New Self-Powered Sensing System to Monitor Fire and Environmental Conditions

According to Smokey Bear, an American campaign and advertising icon of the U.S. Forest Service, only people can prevent wildfires. But what if a high-tech backup can help?

MSU’s Changyong Cao directs the Laboratory for Soft Machines and Electronic
MSU’s Changyong Cao directs the Laboratory for Soft Machines and Electronics. Image Credit: Michigan State University.

As part of a new study, researchers at Michigan State University have designed and developed a remote system for forest fire detection and alarming, which is powered by only the movement of trees in wind.

The device named MC-TENG—short for multilayered cylindrical triboelectric nanogenerator —has been described in the Advanced Functional Materials journal. It produces electrical power by tapping energy from the sporadic movement of the branches of trees from which it hangs.

As far as we know, this is the first demonstration of such a novel MC-TENG as a forest fire detection system. The self-powered sensing system could continuously monitor the fire and environmental conditions without requiring maintenance after deployment.

Changyong Cao, Assistant Professor, School of Packaging, Departments of Mechanical Engineering, and Electrical and Computer Engineering, Michigan State University

Cao, who is the lead author of the study, also directs the Laboratory of Soft Machines and Electronics in the School of Packaging.

According to Cao and his colleagues, this new technology was driven by the tragic forest fires in recent years in the American West, Australia, and Brazil. Cao is convinced that quick and early response to forest fires will render the task of extinguishing easier, thereby considerably reducing the damage and loss of property and life.

Conventional methods for detecting forest fire involve ground patrols, satellite monitoring, watchtowers, etc., which incur high financial and labor costs but are not so efficient.

Existing remote sensor technologies are turning out to be more common, but they mainly depend on battery technology for power.

Although solar cells have been widely used for portable electronics or self-powered systems, it is challenging to install these in a forest because of the shading or covering of lush foliage.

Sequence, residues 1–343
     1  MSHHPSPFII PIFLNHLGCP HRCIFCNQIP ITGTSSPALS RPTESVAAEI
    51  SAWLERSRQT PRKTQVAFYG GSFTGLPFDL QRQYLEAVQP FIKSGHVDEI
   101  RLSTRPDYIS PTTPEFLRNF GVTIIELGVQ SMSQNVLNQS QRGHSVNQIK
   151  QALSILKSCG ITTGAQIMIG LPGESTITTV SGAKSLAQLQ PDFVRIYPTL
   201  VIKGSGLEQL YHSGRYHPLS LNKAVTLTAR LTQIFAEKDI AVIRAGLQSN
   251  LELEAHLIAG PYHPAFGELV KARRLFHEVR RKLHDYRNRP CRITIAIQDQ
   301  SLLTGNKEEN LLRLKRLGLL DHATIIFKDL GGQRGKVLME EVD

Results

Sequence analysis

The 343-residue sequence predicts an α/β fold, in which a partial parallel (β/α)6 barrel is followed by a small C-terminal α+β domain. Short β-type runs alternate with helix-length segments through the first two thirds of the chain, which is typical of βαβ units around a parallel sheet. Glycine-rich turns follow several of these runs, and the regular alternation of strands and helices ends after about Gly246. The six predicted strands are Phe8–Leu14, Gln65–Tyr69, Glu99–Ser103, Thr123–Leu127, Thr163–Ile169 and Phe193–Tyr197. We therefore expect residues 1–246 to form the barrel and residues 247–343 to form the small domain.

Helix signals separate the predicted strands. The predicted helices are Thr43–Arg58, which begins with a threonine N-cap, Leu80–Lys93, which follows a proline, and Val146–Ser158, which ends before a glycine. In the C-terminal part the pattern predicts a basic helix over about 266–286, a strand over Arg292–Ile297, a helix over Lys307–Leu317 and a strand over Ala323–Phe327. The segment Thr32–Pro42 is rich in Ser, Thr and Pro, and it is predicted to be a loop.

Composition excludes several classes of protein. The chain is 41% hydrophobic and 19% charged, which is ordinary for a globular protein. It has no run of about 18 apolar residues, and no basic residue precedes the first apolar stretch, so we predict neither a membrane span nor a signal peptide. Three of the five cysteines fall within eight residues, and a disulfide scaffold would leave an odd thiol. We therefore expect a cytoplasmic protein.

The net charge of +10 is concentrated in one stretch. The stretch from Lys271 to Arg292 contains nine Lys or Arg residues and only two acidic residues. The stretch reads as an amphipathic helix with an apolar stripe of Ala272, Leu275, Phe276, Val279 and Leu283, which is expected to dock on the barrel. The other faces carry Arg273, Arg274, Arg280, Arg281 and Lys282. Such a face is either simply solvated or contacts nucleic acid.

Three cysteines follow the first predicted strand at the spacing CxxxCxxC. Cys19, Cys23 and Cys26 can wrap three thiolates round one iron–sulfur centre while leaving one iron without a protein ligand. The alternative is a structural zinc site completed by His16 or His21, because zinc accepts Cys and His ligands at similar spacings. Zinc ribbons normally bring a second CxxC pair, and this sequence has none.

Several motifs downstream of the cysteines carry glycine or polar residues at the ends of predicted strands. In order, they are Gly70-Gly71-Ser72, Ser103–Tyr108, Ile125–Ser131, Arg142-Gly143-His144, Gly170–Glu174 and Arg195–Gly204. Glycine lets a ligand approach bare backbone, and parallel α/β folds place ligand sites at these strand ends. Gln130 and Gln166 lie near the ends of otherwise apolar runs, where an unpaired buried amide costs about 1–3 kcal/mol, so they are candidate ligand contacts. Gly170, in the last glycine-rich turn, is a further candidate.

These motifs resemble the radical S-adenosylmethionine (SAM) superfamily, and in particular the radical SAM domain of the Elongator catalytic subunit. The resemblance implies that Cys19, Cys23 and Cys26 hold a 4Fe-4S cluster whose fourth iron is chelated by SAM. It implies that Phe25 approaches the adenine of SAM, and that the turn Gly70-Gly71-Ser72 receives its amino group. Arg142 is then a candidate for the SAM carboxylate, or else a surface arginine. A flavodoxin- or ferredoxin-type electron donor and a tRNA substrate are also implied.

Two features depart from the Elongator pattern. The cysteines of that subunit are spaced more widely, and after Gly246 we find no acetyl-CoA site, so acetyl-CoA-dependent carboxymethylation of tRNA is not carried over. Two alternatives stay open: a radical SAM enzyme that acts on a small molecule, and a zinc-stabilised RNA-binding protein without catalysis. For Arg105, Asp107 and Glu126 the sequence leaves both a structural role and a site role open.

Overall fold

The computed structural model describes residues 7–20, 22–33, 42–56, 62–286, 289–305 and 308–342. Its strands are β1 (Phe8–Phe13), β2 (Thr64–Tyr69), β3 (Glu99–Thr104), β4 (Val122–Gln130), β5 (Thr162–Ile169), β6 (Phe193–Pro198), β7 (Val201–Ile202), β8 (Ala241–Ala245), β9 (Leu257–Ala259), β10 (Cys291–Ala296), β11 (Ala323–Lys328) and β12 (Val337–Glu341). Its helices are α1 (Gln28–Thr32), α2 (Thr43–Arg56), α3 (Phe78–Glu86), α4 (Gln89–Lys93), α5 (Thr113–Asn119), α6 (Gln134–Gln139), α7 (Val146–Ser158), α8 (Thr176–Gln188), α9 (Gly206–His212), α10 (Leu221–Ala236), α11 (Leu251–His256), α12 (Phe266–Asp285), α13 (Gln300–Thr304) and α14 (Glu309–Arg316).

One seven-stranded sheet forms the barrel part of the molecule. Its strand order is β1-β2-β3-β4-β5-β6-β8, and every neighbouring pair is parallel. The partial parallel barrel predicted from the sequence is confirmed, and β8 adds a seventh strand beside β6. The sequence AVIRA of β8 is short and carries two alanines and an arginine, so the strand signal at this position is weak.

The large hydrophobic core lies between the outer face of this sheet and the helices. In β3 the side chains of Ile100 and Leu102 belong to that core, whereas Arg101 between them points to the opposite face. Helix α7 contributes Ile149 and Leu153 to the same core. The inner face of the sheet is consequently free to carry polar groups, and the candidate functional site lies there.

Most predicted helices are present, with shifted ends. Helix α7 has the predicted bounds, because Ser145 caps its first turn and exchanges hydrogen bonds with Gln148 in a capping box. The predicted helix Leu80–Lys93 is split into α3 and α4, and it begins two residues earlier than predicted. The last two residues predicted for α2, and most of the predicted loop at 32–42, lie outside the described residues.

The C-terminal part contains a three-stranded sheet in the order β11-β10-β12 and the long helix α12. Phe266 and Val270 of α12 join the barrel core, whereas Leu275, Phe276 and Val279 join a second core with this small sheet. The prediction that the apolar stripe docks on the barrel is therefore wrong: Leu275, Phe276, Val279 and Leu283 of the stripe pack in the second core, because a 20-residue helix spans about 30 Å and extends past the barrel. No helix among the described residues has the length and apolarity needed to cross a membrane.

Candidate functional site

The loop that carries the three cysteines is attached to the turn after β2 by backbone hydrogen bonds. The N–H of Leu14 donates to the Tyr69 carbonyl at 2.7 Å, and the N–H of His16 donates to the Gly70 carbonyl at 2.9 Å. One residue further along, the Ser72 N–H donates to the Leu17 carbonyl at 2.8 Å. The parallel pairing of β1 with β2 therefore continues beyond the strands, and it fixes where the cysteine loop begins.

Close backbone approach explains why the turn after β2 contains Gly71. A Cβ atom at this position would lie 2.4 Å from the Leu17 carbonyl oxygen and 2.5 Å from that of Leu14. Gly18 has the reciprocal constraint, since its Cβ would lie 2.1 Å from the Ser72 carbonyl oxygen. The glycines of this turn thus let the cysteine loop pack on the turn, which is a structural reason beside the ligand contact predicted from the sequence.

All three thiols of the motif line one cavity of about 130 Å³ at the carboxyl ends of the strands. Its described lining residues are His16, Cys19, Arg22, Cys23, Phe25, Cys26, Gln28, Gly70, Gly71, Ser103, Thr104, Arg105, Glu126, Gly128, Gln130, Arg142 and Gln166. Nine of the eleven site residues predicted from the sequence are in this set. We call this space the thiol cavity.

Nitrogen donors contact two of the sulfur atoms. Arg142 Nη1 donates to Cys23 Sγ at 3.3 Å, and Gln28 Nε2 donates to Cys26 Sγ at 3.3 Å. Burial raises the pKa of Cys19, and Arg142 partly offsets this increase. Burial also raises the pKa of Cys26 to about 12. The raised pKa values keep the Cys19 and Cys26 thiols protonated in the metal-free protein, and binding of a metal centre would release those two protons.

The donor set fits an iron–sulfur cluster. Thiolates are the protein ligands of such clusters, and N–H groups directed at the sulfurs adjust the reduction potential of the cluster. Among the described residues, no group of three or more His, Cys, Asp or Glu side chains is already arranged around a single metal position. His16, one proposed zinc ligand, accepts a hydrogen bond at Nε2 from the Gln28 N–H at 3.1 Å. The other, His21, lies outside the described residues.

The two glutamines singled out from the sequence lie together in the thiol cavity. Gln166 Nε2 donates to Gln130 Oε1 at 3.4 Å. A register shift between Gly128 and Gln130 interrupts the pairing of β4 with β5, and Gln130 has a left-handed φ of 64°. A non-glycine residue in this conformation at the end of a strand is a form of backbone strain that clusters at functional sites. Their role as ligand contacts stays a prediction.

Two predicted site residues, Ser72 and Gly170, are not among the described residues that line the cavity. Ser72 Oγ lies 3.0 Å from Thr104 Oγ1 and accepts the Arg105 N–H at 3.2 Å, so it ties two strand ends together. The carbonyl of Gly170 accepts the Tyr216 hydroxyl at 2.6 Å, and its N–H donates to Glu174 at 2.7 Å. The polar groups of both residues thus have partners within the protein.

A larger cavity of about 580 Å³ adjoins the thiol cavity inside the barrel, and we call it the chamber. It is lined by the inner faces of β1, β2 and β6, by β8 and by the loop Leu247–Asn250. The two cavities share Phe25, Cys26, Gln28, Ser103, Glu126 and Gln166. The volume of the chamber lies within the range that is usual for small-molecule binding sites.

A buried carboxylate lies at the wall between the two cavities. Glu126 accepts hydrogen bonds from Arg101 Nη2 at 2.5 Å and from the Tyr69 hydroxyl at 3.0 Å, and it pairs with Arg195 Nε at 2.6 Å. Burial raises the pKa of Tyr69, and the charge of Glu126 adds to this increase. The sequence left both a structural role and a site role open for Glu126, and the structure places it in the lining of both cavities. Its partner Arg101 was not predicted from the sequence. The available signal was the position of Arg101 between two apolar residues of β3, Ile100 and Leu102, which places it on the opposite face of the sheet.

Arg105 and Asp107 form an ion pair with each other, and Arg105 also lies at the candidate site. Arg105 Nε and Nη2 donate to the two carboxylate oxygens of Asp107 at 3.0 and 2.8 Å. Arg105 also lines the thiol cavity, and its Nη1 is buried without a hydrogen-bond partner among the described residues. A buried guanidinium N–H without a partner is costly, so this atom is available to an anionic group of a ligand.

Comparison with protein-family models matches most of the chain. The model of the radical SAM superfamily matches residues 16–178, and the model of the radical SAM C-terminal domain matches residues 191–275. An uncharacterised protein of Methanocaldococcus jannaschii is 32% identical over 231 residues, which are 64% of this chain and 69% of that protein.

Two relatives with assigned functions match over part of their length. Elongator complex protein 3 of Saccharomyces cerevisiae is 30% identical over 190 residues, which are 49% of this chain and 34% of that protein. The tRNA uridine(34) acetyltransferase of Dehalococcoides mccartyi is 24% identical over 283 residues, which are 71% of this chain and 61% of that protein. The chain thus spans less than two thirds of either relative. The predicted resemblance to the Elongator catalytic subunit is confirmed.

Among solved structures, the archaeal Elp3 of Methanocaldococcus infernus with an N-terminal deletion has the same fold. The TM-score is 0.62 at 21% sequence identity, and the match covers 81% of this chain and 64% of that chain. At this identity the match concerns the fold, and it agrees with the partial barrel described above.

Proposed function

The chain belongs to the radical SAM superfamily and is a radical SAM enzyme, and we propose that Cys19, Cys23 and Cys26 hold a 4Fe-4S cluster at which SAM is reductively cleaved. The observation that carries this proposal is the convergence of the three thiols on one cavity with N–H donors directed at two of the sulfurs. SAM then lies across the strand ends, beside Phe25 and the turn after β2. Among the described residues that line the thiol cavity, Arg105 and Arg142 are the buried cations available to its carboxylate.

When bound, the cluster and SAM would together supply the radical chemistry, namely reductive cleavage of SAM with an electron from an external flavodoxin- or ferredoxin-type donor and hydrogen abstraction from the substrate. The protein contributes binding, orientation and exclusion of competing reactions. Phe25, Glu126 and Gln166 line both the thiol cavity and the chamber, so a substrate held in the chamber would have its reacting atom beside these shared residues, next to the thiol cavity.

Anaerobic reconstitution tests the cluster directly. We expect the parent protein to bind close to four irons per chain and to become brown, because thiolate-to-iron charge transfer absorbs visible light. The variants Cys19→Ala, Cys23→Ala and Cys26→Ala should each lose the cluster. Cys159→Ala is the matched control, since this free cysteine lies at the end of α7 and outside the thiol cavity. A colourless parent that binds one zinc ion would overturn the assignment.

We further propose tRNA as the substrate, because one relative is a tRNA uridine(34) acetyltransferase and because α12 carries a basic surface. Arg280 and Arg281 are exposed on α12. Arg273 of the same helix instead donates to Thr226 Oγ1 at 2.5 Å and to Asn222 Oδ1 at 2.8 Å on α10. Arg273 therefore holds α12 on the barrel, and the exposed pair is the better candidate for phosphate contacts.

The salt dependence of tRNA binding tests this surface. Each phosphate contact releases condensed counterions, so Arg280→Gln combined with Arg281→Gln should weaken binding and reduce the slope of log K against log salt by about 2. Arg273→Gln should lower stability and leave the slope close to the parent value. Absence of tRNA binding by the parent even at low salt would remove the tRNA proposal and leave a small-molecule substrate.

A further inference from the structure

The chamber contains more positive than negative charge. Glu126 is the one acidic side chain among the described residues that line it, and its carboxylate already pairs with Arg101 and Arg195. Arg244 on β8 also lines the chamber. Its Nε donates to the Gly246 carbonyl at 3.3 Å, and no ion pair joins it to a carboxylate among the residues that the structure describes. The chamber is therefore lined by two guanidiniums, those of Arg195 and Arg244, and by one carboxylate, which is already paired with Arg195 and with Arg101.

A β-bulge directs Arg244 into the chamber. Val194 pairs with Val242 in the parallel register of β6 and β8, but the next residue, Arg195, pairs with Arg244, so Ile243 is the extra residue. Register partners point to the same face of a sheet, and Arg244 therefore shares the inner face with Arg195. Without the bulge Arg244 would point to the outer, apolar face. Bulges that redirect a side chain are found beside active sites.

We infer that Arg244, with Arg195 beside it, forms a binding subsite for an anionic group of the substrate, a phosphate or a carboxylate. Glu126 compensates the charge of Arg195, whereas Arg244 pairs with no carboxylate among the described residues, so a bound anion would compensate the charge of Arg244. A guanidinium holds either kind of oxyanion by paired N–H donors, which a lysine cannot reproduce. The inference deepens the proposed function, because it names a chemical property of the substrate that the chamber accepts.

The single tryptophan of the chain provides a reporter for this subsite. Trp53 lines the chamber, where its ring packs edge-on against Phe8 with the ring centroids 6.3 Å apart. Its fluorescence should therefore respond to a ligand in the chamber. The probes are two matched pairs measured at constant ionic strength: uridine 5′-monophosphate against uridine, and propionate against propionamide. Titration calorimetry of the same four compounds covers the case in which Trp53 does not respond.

Yaokun Pang, Study Co-Author, Michigan State University

Pang is a postdoc associate at Cao’s lab.

TENG technology transforms external mechanical energy—for example, the movement of a tree branch—into electricity through the triboelectric effect, a phenomenon in which some materials turn electrically charged once they separate from another material with which they were in contact earlier.

The basic version of the TENG device includes two cylindrical sleeves made of exclusive material and fitting within one another. While the core sleeve is anchored from the top, the bottom sleeve freely slides up and down and moves side to side, where it is restricted only by an elastic connective band or spring.

Electricity is produced by the intermittent loss of contact when both the sleeves move out of sync. The MC-TENG devices are fitted with many hierarchical triboelectric layers, thus increasing the electrical output.

The MC-TENG device stores its sporadically produced electrical current in a carbon-nanotube-based micro supercapacitor. The team chose this technology for its quick rapid charge and discharge times, which enables the device to sufficiently charge with just short but sustained gusts of wind.

At a very low vibration frequency, the MC-TENG can efficiently generate electricity to charge the attached supercapacitor in less than three minutes.

Changyong Cao, Assistant Professor, School of Packaging, Departments of Mechanical Engineering, and Electrical and Computer Engineering, Michigan State University

Both temperature and carbon monoxide (CO) sensors were fitted in the initial prototype. The temperature sensor was added to minimize the chances of a false positive carbon dioxide reading.

Other co-authors of the study are doctoral candidate Shoue Chen, undergraduate Junchi An, Keliang Wang, and engineering professors Yiming Deng, Andre Benard, and Nizar Lajnef.

Cao believes the team can field test a production device to track forest environmental conditions and test scenarios, by using materials that simulate a real fire. The researchers also aim to incorporate additional functionality, which would enable the device to be adapted for the weather and environmental conditions where it is deployed.

This study was financially supported in part by the U.S. Department of Agriculture’s National Institute of Food and Agriculture, Michigan Economic Development Corporation, American Society for Nondestructive Testing Faculty Grant Program, and MSU and MSU Technologies.

Journal Reference:

Pang, Y., et al. (2020) Multilayered Cylindrical Triboelectric Nanogenerator to Harvest Kinetic Energy of Tree Branches for Monitoring Environment Condition and Forest Fire. Advanced Functional Materials. doi.org/10.1002/adfm.202003598.

Source: https://msu.edu/

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